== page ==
On 1 August, 2004, a handwritten note was left at the CALDH regional office in the town of Rabinal, in the Baja Verapaz mountains north of Guatemala city. The note named the witness to the massacre and warned that “if you carry on talking to the human rights people about the massacre the days of the 80s may return”. During the 1980s Guatemala was under military rule, and the army and paramilitary groups carried out several hundred massacres, including the 1982 Plan de Sánchez massacre. The note also warned that “if you don’t leave this land … you are going to die very soon”.
CALDH director Edda Gaviola, whose house in Guatemala City was burgled twice in July, has been followed by cars with tinted windows. Another CALDH staff member has reported seeing cars with tinted windows driving past her house repeatedly. On the night of 28 July three men visited her: she recognised two of them as local, and they introduced the third man by a military title. They seemed friendly, and told her they were worried about her because they had seen strange men loitering near her house, and suggested this was connected with her work.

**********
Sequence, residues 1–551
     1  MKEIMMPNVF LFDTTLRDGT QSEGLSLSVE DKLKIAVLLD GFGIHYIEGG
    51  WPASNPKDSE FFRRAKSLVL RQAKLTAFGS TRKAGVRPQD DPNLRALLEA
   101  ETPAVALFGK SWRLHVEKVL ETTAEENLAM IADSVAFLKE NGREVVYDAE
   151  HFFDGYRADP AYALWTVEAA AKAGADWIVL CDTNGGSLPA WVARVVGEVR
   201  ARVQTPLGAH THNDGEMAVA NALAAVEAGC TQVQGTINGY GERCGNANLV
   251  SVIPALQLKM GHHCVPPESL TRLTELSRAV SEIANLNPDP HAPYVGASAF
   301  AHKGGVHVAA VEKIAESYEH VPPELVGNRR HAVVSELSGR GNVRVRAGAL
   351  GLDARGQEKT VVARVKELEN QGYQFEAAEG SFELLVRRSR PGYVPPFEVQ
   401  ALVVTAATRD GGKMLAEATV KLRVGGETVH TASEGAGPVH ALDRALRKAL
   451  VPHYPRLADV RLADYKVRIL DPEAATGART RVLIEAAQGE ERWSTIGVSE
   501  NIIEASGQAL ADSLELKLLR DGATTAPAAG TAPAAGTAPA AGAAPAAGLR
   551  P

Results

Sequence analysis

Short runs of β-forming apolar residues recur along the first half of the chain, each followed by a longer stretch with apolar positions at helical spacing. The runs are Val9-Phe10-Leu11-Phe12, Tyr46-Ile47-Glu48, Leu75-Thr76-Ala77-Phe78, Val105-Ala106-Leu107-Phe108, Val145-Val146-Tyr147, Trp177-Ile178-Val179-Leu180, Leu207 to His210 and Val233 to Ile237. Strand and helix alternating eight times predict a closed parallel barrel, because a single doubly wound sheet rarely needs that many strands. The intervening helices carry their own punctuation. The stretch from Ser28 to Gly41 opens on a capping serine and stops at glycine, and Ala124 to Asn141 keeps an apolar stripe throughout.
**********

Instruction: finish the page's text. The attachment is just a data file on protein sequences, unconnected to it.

The police should have been providing 24-hour protection to CALDH offices in the capital since mid-July. CALDH say the police officers regularly disappear for hours at a time, and ignore the cars that appear to be keeping the offices under observation. On 30 July, anonymous phone calls to the CALDH headquarters in Guatemala City claimed that a bomb had been planted in the office. That day a man had loitered outside the office all morning, and talked to the driver of a car with tinted windows that passed the office, but the police had done nothing.